Tuesday, August 22, 2017

Say it and get out?

Despite my most recent blog post on music, not everything I listen to was released before some of my readers were even born. Indeed, my playing roster - which these days is more a function of Spotify than my CD collection - includes material from each decade since the 1950s, admittedly with a particular focus on the 1960s, 1970s, 1990s, and 2000s. (Less from the 1980s and 2010s.)

And while I don't listen to music at home as much as I used to (or at work at all - whereas I wrote my college senior thesis to the sound of Marquee Moon and Elvis Costello), my needing to cope with the extreme boredom of health club elliptical machine sessions means that I am always on the lookout for things that I would like to listen to. These include, not just new things, but also old favorites that I haven't played for a while.  So there's a cycle of rediscovery that I try to keep going, although new fare is needed or else it will tend to run down.

Anyway, the last couple of days I've been listening to Lily Allen's two fine albums from the 2000s, which I hadn't played for quite a few years. She released them and then announced that she was quitting the music biz - although she's been back since with lesser impact culturally, artistically, and commercially.

Her retirement surprised me at the time, but in retrospect I understand it. Her methodology as a songwriter on those two albums seems to have involved her adopting a very clear topic and point of view for each song.  In effect, they were short stories, essays, or character studies, and you could almost imagine her having had a topic sentence in mind for each before she started writing it. It doesn't feel as if she started each song with a riff, like Keef or something - although the melodies and hooks are often quite strong.

Sometimes the pitch sentence seems to have been thematic - e.g., addiction, consumerism, George W. Bush, or young single women living unsatisfying lives - but often it involved drawing a picture of a particular person. These included her father, grandmother, brother, and apparently a rogue's gallery of mainly disappointing boyfriends. (Important message: be very careful if you date a songwriter.) It's plausible that she simply ran out of good material, in addition to entering a life stage where slagging those around her (often an artistically promising approach) would grow increasingly costly.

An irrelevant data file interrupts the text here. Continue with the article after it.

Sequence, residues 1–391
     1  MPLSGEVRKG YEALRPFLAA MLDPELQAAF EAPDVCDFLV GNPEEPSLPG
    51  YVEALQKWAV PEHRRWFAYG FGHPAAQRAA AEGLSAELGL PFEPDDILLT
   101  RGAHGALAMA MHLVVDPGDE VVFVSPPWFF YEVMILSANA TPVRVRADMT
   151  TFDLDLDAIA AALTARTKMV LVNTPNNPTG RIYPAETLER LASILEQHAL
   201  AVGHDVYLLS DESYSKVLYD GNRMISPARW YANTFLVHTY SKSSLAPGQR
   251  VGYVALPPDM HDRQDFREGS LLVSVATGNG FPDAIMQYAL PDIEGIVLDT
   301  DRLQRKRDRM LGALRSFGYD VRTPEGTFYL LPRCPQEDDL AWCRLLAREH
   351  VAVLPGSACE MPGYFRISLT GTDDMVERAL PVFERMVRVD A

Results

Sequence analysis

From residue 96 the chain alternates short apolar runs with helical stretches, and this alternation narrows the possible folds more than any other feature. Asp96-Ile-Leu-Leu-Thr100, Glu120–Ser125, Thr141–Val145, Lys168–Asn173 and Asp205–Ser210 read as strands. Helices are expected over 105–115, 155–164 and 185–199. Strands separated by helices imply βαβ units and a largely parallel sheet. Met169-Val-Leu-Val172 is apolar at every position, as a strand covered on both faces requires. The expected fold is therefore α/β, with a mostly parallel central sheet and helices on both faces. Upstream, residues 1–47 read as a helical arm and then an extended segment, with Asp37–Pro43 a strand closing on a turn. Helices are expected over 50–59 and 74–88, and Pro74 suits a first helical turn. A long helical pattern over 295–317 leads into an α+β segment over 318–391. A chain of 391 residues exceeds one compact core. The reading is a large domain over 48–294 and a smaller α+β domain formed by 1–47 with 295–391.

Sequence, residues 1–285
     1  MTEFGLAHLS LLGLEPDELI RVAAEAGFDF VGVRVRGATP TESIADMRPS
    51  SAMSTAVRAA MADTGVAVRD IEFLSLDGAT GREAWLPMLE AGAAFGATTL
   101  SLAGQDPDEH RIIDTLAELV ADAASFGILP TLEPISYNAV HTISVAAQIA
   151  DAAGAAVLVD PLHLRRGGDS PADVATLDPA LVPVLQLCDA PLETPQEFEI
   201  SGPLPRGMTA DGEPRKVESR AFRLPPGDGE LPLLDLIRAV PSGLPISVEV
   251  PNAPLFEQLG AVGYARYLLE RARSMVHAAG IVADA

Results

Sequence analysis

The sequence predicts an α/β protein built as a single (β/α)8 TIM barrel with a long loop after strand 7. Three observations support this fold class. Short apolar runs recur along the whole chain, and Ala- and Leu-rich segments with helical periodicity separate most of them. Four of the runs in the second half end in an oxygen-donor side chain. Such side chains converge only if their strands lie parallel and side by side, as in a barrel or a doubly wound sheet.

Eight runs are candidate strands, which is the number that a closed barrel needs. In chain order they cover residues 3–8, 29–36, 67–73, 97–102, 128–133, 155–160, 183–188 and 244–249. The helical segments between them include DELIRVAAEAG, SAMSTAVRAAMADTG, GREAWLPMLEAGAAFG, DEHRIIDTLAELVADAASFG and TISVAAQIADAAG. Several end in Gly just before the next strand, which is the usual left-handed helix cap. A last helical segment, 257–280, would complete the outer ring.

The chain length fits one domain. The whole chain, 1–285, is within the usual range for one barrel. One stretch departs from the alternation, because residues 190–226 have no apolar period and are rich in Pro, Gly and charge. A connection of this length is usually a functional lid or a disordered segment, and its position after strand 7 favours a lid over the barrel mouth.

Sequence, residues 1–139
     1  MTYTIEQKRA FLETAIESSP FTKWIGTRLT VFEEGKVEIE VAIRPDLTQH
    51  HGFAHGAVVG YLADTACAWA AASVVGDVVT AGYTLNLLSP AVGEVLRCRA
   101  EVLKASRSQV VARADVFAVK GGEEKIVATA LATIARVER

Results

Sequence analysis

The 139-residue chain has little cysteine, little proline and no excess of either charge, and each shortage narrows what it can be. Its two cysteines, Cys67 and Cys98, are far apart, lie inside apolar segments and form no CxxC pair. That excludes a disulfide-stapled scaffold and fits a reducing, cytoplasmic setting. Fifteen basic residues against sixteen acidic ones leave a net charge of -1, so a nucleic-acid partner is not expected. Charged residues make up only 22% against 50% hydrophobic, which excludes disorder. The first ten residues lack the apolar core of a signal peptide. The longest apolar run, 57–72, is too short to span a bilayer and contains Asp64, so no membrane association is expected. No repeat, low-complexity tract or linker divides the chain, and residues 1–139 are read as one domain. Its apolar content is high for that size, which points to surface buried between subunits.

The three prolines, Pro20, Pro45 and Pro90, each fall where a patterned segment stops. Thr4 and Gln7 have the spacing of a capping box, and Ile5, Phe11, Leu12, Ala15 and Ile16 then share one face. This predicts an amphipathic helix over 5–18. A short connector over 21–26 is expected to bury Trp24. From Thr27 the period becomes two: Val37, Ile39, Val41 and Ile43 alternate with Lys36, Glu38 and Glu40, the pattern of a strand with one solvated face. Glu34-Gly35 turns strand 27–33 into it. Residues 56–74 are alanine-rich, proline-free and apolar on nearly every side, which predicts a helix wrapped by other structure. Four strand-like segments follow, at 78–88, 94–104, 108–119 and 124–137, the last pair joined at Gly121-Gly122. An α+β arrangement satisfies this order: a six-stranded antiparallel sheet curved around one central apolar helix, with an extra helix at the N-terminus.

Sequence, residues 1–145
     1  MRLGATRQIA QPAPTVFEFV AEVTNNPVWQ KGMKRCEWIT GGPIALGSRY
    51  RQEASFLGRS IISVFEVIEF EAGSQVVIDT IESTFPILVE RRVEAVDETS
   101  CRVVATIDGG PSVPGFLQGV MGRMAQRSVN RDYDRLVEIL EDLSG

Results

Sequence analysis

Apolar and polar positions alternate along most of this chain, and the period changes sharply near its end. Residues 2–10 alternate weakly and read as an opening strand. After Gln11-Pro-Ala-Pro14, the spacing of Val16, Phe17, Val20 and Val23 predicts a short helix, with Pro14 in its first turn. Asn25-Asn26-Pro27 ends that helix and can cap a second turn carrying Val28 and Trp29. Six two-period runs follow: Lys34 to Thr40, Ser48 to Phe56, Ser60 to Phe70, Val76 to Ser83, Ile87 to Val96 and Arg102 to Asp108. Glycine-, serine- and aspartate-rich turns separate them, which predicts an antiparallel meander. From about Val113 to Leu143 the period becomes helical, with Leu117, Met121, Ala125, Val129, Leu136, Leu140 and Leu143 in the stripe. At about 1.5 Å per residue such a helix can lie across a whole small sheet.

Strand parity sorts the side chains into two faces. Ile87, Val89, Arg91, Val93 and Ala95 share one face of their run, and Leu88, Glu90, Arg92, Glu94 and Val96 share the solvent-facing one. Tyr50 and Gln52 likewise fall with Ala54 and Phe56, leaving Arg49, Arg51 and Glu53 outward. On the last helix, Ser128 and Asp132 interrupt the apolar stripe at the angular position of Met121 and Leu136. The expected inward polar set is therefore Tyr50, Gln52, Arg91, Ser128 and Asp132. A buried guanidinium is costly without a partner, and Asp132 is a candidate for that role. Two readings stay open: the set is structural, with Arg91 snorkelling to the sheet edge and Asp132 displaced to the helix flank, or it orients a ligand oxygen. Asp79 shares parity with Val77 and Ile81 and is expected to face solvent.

"If you can't keep it up at the same level, quit" can be good advice aesthetically, but it's not always an optimizing strategy in career terms. It brings to mind an issue that we academics can face. If you spend enough years writing about a bunch of things, you can reach the point where you no longer have a lot to say that's as important or as interesting (to yourself as well as others) as what you said before. Of course, you can always keep on saying the same thing again and again (especially if you feel that a point you've discussed remains underappreciated), but this faces diminishing returns.

A lot of us in the biz have dealt with this issue in different ways. A key one for me, although also for some others whom I know, is to try decidedly new things. I've been happy with that approach on my current literature project (more on this shortly, perhaps), but it certainly can be an audience risk.


Paul said...

I'll make an unsolicited suggestion for your Spotify playlist - Alan Price's "Savaloy Dip.". Recorded in 1974 and somehow not released until last year you likely haven't heard it. If I were Christgau I'd give it a B+ but I think it's better than that.

Daniel Shaviro said...

Thanks! I'll try it.

Alan Price wrote the soundtrack for O Lucky Man? (I remember hearing this and liking it when in college.)

Paul said...

The same. I've always thought he made his strongest contributions as a sideman (e.g., his keyboards on the Animals' 1977 "Before We Were So Rudely Interrupted" are beyond great. His songwriting skills fall short of his hero Randy Newman but he's in pretty good form on Savaloy Dip.